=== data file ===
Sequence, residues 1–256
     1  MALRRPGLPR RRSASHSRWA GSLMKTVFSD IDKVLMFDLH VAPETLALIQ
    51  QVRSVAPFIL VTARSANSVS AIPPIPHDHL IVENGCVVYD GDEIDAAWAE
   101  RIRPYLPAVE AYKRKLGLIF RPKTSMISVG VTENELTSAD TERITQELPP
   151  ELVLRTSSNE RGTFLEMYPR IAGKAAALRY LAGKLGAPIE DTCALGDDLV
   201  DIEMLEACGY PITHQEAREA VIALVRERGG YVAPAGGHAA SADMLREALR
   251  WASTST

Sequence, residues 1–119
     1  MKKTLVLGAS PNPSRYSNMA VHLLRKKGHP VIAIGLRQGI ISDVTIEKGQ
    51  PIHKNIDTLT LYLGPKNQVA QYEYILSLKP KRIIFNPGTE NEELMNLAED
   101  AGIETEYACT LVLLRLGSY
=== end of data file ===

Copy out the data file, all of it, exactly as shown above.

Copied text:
Sequence, residues 1–256
     1  MALRRPGLPR RRSASHSRWA GSLMKTVFSD IDKVLMFDLH VAPETLALIQ
    51  QVRSVAPFIL VTARSANSVS AIPPIPHDHL IVENGCVVYD GDEIDAAWAE
   101  RIRPYLPAVE AYKRKLGLIF RPKTSMISVG VTENELTSAD TERITQELPP
   151  ELVLRTSSNE RGTFLEMYPR IAGKAAALRY LAGKLGAPIE DTCALGDDLV
   201  DIEMLEACGY PITHQEAREA VIALVRERGG YVAPAGGHAA SADMLREALR
   251  WASTST

Sequence, residues 1–119
     1  MKKTLVLGAS PNPSRYSNMA VHLLRKKGHP VIAIGLRQGI ISDVTIEKGQ
    51  PIHKNIDTLT LYLGPKNQVA QYEYILSLKP KRIIFNPGTE NEELMNLAED
   101  AGIETEYACT LVLLRLGSY